I don't know if the balance that I used to see ever existed. But in the 1990s, when it became clear that a lot of people on the right were declaring that 2+2=6, and a lot of people in the media were reporting their claims without batting an eye, any balance I had seen before began to vanish -- and it has not returned.
For Young to suggest that the vicious rhetoric that sprung from the right during those years had any kind of counterpart on the left is simply absurd. While we were being regularly regaled with Vince Foster and Mena Airport and Black Love Child conspiracy theories from mainstream right-wing pundits ranging from the Wall Street Journal to Rush Limbaugh to Fox News, as well as assassination talk from the likes of Ann Coulter, there simply was no counterpart for this kind of talk on the left during those years. The left, indeed, remained remarkably subdued during the Clinton years, except for those more liberal than Clinton who criticized him for being too conservative.
This silence has both positive and negative aspects. The problem with this silence is that the left has done little to actually counter right-wing hatemongers like Limbaugh and Michael Savage and their thousand little imitators, giving them an open field in which to demonize mainstream liberalism -- which, if you listen to them at all, is what they do. As I've remarked previously, the effect of this sustained attack is most pronounced in rural America, where these radio talkers simply assail urban liberals on the air 24 hours a day, seven days a week.
Much of this, as I've also explained, is deeply personal stuff. Liberals, over the past 15 years, have been regularly portrayed as being out to lunch, uncaring and hostile to mainstream and rural values, and unpatriotic traitors. Deeply patriotic, hard-working, family-oriented liberals have been having their characters assaulted relentlessly before their neighbors and friends. It affects family relationships, old friendships, and our deeper ties to our communities in profoundly harmful ways. And it has been creating a real reservoir of anger among those mainstream liberals who have been subjected to it.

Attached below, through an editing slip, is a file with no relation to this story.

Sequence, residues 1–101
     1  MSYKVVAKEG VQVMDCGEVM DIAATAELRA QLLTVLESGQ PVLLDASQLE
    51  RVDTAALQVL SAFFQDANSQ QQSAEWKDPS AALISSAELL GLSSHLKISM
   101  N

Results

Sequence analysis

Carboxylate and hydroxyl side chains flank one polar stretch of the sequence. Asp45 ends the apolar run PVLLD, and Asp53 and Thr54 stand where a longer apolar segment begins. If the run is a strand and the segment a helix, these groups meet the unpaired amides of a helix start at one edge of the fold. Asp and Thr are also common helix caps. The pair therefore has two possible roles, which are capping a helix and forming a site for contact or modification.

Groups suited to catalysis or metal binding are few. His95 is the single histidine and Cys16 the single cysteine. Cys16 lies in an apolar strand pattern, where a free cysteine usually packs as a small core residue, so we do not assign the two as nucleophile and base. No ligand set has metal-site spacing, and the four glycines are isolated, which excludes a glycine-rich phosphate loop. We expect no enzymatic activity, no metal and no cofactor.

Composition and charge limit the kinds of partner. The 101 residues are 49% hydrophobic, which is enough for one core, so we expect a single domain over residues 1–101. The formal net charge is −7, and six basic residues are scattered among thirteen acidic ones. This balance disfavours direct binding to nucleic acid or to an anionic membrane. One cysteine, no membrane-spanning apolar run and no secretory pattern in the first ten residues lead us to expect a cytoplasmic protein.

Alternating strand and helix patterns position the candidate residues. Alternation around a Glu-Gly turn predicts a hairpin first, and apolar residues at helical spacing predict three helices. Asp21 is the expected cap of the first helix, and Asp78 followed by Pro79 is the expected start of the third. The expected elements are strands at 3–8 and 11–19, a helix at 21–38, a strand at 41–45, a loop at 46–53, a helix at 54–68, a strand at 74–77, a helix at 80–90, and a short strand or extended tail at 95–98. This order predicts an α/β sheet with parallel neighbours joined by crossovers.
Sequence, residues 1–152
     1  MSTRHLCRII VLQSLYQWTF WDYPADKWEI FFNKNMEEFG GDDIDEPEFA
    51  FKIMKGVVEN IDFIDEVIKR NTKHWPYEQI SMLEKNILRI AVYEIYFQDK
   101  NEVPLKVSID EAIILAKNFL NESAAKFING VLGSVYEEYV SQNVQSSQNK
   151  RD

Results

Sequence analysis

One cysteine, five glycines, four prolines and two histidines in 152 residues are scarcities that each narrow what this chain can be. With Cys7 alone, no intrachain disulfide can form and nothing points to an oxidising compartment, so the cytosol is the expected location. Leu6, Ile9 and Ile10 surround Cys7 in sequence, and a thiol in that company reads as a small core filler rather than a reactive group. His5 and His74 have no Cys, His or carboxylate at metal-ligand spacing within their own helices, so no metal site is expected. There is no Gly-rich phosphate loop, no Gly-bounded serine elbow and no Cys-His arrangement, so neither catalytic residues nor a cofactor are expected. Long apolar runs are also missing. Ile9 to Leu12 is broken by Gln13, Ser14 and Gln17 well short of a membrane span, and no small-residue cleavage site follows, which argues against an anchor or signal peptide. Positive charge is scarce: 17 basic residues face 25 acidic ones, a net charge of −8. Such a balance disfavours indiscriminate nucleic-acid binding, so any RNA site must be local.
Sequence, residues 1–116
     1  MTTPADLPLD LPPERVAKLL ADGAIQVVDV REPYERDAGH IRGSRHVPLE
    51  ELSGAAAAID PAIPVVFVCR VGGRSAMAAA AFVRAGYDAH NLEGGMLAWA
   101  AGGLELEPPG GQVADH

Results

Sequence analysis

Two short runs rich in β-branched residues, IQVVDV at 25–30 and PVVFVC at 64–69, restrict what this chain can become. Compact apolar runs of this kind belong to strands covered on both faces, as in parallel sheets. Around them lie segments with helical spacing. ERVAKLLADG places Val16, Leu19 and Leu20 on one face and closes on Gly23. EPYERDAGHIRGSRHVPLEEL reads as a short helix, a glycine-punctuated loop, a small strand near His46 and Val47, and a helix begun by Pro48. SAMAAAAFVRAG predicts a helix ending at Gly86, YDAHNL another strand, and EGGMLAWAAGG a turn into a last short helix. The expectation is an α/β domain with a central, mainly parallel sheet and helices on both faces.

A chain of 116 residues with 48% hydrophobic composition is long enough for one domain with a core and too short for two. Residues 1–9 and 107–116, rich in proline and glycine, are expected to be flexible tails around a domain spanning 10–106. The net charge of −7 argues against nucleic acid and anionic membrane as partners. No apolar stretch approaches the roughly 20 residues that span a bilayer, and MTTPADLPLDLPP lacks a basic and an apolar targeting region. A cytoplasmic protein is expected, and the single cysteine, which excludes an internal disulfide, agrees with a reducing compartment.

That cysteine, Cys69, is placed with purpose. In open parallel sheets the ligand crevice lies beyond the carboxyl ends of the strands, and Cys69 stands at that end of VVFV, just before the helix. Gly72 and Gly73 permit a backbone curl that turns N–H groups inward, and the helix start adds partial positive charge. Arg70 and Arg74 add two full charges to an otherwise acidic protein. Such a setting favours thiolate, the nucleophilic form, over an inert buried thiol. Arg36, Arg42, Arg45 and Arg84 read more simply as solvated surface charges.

This ugly rhetoric, in contrast to that on the left, has in fact been of much greater duration, as well as more sustained, and substantially eliminationist in nature. It's also clear that this kind of demonization and nasty rhetoric indeed played a significant role in Republicans' consolidation of the reins of power since 2000. Not only did it make the so-called rural "red states" even redder, it became a tool in the actual seizure of power that occurred in the November election and its aftermath. The old rules of fair play, it was clear, were now defunct.
On the other hand, considering that ugliness of this kind is precisely what needs ending, the relative rhetorical silence of liberals in the 1990s was probably a good thing, since responding in kind would have simply meant more sewage for us all to wade in. But it wasn't going to last forever, and when it became clear in November and December of 2000 that this kind of ugly rhetoric and open demonization was not only going to be a permanent part of Republican hardball politics, but that it was successful, then it was only a matter of time before you started hearing similarly ugly talk from the left.
To their credit, most liberals have understood that fighting back is more a matter of backbone than bitching, and that ugly rhetoric is sometimes best confronted not with more ugliness but with good humor. But that hasn't been true of everyone, either, and the result has been a predictable flow of fodder for books like Malkin's.